1. Context. The context in which learning will take place has significant implications for designing learning activities and resources. For example, in a face to face setting, we may have a class of 15 or 150. We may teach in a 'traditional' lecture theatre, in a laboratory filled with science equipment, or in a computer lab. Or we may be working in a blended learning or fully online context. These and many other factors will influence the types of activities and resources we use and the ways in which we use them. There may also be resource constraints - for example, it might be desirable to incorporate a simulation activity but this might require many hours of development time to create.
    2. Learning theories and models. As teachers, our personal beliefs about teaching and learning (ie an orientation as per Unit 2) affect they way we teach. For example, one teacher may ascribe to a behaviourist theory of learning and another to a social constructivist theory - they are likely to design very different learning resources and activities. Of course, these beliefs may or may not be made explicit - indeed, it has been said that 'by default, new teachers teach the way they were taught'. This can be especially so in tertiary setting where there is no significant pre-service profession development in 'how to teach'. And in a different context (including a new generation of learners!) the way we were taught may be no longer appropriate.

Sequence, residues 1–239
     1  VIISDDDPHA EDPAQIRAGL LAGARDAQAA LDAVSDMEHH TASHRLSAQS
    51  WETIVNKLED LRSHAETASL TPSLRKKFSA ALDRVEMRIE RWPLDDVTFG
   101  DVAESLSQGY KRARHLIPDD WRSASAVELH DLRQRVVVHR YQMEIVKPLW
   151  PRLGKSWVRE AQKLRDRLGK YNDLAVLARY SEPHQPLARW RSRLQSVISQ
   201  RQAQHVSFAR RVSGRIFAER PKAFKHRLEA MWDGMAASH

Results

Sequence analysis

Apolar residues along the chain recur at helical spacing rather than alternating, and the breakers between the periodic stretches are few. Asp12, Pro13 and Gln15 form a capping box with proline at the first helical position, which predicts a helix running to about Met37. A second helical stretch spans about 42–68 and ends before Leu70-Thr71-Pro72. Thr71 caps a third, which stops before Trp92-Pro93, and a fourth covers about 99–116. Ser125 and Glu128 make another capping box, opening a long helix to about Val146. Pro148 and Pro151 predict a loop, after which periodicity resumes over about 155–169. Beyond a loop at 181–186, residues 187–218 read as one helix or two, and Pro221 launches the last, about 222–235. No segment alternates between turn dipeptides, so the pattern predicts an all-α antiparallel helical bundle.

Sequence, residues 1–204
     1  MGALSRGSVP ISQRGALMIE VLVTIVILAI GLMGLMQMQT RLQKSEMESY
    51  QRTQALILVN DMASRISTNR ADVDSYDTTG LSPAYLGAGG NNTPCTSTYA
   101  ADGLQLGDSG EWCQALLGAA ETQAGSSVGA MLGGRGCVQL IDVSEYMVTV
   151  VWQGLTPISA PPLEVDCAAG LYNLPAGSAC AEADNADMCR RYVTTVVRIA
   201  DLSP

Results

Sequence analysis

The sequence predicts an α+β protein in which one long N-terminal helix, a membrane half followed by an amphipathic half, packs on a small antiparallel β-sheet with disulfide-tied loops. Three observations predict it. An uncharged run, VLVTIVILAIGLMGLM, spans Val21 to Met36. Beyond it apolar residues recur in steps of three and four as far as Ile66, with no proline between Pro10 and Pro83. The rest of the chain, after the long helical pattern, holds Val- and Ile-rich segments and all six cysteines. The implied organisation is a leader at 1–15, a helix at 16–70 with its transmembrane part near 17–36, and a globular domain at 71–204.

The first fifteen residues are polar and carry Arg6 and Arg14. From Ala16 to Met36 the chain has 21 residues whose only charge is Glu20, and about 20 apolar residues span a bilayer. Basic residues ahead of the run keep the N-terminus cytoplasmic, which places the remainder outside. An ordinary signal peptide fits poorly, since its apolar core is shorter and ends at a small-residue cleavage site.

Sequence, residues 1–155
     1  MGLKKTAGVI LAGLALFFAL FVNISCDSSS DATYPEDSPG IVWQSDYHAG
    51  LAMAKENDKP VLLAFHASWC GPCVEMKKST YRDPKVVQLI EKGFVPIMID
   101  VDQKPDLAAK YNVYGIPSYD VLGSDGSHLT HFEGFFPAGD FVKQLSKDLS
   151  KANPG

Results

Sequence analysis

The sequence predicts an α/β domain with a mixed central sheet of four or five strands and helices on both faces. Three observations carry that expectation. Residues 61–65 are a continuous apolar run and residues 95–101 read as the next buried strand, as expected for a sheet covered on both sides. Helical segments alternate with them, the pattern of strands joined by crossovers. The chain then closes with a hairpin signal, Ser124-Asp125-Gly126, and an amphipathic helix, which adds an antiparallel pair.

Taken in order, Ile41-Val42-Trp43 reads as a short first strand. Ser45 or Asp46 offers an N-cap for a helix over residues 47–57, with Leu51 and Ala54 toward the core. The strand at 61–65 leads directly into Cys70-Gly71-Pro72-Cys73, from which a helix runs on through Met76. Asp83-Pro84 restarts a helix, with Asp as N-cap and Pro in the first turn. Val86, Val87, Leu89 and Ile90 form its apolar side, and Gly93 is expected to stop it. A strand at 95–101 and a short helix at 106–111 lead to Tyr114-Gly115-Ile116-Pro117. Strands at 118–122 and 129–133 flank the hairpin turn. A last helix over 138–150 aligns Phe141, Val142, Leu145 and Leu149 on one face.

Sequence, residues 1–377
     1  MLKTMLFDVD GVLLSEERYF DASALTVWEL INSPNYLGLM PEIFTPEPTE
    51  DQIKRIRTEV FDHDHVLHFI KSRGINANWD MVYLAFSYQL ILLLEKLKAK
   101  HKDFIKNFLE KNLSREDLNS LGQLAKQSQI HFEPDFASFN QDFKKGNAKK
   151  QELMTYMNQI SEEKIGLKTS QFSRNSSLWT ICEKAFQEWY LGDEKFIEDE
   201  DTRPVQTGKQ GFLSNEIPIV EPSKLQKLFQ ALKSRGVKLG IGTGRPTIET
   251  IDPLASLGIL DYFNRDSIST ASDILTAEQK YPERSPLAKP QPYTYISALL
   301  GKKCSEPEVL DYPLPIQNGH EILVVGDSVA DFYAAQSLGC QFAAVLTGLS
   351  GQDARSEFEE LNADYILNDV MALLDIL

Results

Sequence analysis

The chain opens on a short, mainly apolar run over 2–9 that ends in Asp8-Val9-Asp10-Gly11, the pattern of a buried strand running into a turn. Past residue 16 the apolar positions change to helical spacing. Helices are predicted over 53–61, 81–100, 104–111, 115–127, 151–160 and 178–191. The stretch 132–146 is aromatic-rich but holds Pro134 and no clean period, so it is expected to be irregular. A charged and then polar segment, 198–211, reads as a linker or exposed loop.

3. Design models
      1. ADDIE. A structured, 'top-down' model. Analysis, Design, Development, Implementation, and Evaluation. It focusses on a strong initial Analysis phase where needs are identified and the Design phase includes developing learning objective / outcomes - as such, a formal use of this model may be more suited to course / curriculum design. However, teachers may find a less formal approach very useful in designing learning activities and resources. In fact, most teachers who plan effectively use some aspect of the ADDIE model, perhaps unconsciously.
      2. Gagné.
      3. ARCS
      4. Rapid prototyping. This model has been used as an approach to software development but can also be used for some aspects of learning design. Focuses on an iterative process of planning, implementing, testing and review. Linked to Kolb's cycle as well as similar models such as PDSA. Not really suitable for course design in most contexts but can be very useful as an approach to developing effective teaching and learning.
      5. NKK model.
      6. OTARA model
      7. ARIA model